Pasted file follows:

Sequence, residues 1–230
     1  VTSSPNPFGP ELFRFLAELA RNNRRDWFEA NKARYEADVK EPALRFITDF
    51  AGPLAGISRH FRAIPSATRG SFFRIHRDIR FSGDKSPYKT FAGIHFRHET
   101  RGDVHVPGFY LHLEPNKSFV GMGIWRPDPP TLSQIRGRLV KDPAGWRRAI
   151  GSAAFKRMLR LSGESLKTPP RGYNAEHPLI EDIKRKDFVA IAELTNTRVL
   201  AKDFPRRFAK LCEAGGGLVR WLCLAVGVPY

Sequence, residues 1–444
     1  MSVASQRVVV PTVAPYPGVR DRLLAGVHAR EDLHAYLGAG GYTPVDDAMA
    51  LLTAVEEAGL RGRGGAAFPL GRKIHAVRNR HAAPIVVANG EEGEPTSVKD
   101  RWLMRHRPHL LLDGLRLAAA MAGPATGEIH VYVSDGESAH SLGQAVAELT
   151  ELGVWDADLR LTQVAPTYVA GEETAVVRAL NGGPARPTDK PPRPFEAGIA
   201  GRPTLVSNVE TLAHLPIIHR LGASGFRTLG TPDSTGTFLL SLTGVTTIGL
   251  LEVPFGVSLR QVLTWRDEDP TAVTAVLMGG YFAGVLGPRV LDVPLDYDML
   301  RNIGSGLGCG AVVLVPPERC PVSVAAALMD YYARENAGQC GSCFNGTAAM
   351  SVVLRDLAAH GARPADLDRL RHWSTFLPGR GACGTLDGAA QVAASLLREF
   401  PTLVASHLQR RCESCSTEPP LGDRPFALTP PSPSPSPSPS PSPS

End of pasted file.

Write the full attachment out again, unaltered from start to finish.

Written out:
Sequence, residues 1–230
     1  VTSSPNPFGP ELFRFLAELA RNNRRDWFEA NKARYEADVK EPALRFITDF
    51  AGPLAGISRH FRAIPSATRG SFFRIHRDIR FSGDKSPYKT FAGIHFRHET
   101  RGDVHVPGFY LHLEPNKSFV GMGIWRPDPP TLSQIRGRLV KDPAGWRRAI
   151  GSAAFKRMLR LSGESLKTPP RGYNAEHPLI EDIKRKDFVA IAELTNTRVL
   201  AKDFPRRFAK LCEAGGGLVR WLCLAVGVPY

Sequence, residues 1–444
     1  MSVASQRVVV PTVAPYPGVR DRLLAGVHAR EDLHAYLGAG GYTPVDDAMA
    51  LLTAVEEAGL RGRGGAAFPL GRKIHAVRNR HAAPIVVANG EEGEPTSVKD
   101  RWLMRHRPHL LLDGLRLAAA MAGPATGEIH VYVSDGESAH SLGQAVAELT
   151  ELGVWDADLR LTQVAPTYVA GEETAVVRAL NGGPARPTDK PPRPFEAGIA
   201  GRPTLVSNVE TLAHLPIIHR LGASGFRTLG TPDSTGTFLL SLTGVTTIGL
   251  LEVPFGVSLR QVLTWRDEDP TAVTAVLMGG YFAGVLGPRV LDVPLDYDML
   301  RNIGSGLGCG AVVLVPPERC PVSVAAALMD YYARENAGQC GSCFNGTAAM
   351  SVVLRDLAAH GARPADLDRL RHWSTFLPGR GACGTLDGAA QVAASLLREF
   401  PTLVASHLQR RCESCSTEPP LGDRPFALTP PSPSPSPSPS PSPS